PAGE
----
The headline risk here, folks, is that if you wait for your central banker to give you insight into ...
How Strong Is the US Economy
02/16/2015 12:01 am EST
As he delves into the initial 4th quarter GDP report, MoneyShow's Jim Jubak assesses what future revisions may mean for investor sentiment and the US stock market.
In a world where there's really not a whole lot of growth in a whole lot of economies, the question of how strong is the US economy is really, really important.
What we got for the fourth quarter was decent growth, but at 2.6% or so, not so strong that it made people feel really, really, really certain. There's a certain amount of worry. The problem is that's also the first read on US GDP. You get revision after revision after revision as they go through it and take things that were estimated in earlier versions and re-estimate them or take actual numbers and plug them in. For example, there's an inventory estimate that was in the first go-round on US GDP where the statistician basically looked at this and said well, we think from our preliminary data that we're going to see about a 0.6% increase in inventories and that helped move up GDP.
We're starting to get numbers in February that indicate that maybe that estimate was wrong. It was wrong to the high side and what that would lead to is a revision to the US GDP. Then, instead of 2.6%, we might get 2.4% or something like that. This is not a big deal in normal circumstances, in other circumstances. It's the kind of the thing that happens from quarter to quarter. It's essentially statistical noise.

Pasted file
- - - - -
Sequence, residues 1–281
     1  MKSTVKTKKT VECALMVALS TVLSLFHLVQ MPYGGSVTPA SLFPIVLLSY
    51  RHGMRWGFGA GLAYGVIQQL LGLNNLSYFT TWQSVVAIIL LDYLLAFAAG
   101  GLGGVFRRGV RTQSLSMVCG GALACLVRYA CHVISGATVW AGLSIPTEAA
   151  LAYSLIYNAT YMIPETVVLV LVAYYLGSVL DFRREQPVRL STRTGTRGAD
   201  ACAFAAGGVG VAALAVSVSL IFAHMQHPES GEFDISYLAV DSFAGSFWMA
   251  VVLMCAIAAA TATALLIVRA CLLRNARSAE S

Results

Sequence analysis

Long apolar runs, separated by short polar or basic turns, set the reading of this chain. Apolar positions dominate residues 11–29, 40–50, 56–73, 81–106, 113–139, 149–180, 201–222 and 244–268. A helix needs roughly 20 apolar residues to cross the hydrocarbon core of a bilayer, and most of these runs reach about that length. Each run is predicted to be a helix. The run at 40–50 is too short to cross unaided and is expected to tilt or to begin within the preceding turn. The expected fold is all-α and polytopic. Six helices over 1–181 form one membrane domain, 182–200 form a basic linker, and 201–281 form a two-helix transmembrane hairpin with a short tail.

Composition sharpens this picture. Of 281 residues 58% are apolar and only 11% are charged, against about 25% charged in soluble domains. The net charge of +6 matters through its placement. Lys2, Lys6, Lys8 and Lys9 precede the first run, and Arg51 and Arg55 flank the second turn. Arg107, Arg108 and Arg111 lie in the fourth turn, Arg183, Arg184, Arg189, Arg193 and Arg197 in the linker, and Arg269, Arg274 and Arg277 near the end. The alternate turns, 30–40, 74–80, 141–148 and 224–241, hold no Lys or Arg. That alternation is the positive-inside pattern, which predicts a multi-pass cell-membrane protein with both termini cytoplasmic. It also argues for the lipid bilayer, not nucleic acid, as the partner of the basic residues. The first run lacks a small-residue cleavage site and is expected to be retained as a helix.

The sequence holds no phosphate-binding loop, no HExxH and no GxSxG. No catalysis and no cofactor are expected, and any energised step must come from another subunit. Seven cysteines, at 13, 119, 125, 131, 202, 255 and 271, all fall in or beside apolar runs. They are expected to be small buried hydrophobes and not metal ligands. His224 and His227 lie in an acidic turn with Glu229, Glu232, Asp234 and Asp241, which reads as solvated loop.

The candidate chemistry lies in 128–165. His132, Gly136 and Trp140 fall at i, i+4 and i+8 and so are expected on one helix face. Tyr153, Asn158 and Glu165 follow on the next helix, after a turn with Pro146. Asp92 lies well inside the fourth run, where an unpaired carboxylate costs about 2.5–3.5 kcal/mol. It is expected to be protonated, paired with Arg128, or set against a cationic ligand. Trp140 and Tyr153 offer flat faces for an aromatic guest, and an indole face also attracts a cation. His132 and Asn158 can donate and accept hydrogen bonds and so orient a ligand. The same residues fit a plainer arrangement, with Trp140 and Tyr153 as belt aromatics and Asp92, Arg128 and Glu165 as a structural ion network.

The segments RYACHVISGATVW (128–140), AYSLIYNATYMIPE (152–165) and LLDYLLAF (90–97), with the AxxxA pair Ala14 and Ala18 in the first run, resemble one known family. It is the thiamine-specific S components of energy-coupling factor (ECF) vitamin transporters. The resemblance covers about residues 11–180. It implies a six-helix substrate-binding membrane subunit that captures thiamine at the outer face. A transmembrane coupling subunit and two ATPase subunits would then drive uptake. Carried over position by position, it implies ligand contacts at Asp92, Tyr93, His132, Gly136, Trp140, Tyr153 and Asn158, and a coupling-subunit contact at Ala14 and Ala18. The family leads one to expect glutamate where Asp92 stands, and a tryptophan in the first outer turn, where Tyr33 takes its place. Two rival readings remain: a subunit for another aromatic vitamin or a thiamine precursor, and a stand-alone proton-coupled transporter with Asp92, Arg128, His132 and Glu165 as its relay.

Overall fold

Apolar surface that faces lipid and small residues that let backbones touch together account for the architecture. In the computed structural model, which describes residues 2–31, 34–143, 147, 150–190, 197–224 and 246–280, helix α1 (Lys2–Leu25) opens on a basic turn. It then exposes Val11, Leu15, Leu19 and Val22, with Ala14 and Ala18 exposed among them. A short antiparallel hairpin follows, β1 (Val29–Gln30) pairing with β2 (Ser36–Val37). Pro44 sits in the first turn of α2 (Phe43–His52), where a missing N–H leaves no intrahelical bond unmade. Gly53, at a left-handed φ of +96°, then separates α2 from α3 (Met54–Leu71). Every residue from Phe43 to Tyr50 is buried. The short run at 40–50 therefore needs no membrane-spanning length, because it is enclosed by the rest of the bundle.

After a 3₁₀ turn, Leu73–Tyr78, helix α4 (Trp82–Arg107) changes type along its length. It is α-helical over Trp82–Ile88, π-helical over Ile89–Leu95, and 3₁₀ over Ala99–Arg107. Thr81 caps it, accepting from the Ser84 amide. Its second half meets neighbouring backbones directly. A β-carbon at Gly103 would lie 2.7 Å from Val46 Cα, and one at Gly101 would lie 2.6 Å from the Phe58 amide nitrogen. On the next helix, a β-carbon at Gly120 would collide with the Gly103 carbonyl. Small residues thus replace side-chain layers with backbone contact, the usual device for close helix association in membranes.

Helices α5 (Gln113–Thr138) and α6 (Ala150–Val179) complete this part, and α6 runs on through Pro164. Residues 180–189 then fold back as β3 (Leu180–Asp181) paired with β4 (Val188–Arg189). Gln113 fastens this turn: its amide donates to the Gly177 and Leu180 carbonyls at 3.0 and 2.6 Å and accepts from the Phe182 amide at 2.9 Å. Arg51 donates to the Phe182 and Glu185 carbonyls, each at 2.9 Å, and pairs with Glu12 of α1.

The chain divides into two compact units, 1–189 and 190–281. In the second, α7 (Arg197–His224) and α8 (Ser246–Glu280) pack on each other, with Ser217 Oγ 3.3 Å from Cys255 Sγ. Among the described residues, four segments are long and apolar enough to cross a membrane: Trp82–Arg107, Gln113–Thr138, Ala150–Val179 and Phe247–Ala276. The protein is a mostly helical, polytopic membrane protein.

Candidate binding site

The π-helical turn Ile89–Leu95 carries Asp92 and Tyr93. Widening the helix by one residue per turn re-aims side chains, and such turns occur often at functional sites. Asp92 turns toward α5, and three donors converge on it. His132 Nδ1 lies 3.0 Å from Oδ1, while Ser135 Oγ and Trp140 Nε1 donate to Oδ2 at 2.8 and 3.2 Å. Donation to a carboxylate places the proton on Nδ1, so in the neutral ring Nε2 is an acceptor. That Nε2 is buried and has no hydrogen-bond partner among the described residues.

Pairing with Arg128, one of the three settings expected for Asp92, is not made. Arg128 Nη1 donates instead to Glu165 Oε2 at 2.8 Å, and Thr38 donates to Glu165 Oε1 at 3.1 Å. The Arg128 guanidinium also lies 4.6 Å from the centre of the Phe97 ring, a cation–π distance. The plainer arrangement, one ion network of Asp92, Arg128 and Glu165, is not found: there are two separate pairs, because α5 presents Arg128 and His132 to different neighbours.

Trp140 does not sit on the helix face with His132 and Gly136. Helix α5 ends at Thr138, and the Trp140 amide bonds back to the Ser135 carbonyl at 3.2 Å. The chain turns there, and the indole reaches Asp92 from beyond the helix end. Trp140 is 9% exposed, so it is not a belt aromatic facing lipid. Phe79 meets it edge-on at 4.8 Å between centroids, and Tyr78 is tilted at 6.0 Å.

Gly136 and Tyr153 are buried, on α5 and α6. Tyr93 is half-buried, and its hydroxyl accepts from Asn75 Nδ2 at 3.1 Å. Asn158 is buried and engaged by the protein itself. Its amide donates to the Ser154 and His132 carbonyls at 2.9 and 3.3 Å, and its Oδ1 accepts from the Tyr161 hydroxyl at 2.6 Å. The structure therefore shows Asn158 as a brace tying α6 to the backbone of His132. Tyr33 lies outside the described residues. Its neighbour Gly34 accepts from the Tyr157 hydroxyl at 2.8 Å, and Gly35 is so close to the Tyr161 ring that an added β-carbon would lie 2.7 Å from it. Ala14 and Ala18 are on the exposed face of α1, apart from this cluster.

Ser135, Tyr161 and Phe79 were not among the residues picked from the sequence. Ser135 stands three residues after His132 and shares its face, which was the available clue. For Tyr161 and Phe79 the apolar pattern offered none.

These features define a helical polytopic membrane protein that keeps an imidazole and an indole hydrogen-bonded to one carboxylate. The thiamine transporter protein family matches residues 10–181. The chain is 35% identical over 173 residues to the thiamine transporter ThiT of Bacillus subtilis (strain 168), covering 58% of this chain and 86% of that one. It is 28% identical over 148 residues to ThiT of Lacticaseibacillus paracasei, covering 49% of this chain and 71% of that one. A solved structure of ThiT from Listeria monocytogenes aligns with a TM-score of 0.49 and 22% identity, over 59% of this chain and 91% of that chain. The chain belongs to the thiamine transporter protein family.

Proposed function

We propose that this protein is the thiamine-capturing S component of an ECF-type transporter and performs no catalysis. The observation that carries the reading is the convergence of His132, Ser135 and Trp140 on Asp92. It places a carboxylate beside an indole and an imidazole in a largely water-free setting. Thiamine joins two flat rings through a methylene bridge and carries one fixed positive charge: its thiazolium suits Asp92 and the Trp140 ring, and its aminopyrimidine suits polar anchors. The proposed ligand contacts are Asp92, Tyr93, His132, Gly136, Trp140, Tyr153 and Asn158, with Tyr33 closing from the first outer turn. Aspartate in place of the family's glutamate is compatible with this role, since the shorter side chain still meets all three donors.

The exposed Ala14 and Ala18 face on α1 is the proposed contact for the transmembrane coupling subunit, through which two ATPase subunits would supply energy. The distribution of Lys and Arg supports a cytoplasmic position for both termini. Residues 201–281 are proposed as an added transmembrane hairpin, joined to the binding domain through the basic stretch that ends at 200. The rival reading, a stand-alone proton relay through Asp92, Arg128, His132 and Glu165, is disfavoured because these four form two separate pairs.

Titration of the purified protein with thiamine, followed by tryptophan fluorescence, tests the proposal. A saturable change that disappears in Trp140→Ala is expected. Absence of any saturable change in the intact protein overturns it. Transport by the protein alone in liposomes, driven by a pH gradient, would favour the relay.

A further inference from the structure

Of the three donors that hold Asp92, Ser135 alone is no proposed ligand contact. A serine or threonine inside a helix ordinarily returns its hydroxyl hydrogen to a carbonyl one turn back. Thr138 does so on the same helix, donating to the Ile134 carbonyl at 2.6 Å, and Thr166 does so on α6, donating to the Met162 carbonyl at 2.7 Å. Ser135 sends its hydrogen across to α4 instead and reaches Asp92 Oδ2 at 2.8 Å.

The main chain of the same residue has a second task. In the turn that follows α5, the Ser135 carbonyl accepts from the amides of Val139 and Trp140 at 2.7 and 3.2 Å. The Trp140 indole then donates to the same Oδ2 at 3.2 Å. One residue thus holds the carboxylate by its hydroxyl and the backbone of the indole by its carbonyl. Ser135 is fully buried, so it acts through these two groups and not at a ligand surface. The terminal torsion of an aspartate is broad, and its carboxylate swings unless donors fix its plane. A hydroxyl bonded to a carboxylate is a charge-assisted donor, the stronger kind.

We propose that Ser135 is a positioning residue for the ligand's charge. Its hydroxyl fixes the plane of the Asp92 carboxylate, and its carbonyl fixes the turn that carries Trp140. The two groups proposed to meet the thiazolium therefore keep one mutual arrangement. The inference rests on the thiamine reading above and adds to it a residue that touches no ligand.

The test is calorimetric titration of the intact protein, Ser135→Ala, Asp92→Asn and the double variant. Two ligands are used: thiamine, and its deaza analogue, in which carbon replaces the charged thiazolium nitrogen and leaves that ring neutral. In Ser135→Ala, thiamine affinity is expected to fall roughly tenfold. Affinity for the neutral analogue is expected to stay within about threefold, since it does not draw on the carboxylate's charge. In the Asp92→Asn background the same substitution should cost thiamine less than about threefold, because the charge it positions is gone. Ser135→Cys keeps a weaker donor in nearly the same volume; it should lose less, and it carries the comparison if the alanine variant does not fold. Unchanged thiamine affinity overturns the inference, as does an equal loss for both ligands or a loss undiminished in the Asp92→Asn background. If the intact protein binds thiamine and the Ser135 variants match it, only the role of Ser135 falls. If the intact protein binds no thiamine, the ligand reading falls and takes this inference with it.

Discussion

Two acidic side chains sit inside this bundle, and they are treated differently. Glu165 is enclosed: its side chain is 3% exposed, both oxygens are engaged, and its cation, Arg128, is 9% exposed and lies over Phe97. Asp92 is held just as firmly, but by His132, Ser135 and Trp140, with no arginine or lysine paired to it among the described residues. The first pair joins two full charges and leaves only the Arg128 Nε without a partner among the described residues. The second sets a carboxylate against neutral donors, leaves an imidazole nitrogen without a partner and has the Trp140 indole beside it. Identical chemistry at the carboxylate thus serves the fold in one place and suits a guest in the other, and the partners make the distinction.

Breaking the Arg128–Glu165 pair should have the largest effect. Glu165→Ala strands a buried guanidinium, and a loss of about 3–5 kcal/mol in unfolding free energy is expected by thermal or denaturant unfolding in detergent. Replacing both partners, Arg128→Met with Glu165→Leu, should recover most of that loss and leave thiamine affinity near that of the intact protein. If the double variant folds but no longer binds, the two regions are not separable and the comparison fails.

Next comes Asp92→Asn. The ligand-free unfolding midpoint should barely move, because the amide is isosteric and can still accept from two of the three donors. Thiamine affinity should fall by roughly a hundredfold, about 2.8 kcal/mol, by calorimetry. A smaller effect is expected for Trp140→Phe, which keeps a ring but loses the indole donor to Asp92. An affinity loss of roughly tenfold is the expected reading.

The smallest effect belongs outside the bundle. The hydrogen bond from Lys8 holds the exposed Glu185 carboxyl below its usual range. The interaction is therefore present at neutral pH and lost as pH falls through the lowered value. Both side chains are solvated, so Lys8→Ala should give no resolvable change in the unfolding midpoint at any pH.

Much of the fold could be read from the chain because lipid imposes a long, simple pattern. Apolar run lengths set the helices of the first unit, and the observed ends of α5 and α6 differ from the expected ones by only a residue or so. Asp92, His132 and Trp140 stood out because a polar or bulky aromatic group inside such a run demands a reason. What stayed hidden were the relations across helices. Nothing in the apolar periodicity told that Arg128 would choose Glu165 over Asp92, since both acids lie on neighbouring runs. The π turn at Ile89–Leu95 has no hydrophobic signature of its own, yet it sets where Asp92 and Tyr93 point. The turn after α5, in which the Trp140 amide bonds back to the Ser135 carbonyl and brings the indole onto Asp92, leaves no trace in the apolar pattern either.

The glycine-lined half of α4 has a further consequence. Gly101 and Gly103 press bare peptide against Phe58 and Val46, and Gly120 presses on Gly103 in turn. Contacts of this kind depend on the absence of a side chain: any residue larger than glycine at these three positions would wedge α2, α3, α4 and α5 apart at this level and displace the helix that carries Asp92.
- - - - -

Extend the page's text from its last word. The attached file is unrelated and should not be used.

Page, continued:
The problem is when statistical noise hits a market where people are kind of worried about what the trend really is and I think that's where we are. The issue isn't so much just US growth but worries about US growth.
This is a market that's looking at corporate earnings and seeing a pretty big headwind from a stronger dollar, which is depressing the earnings of US companies that are taking sales and translating them back into dollars from weaker currencies, so you're seeing some worries about growth and whether the US economy is strong enough. The Fed has not unequivocally said the US economy is strong enough so that we're going to raise rates. That's good in the sense that you don't raise rates. It's bad in the sense the Fed is expressing its doubts about whether the US economy is strong enough to pull the rest of the world.
So, with this inventory number, which is a normal part of the statistical revision of GDP from quarter to quarter, you get a couple of estimates. You get an early estimate. You get a revised estimate. This is the normal course of business and it looks like right now the next revision of GDP for fourth quarter is going to be lower than the first version.
I think that's important because of this worry in the market and I think that it's one other reason to think that maybe we're entering a period where in the Goldilocks economy where you get Goldilocks saying oh, well, gee that porridge isn't too hot. That porridge is really too cold and feeling like that maybe is not a good thing.
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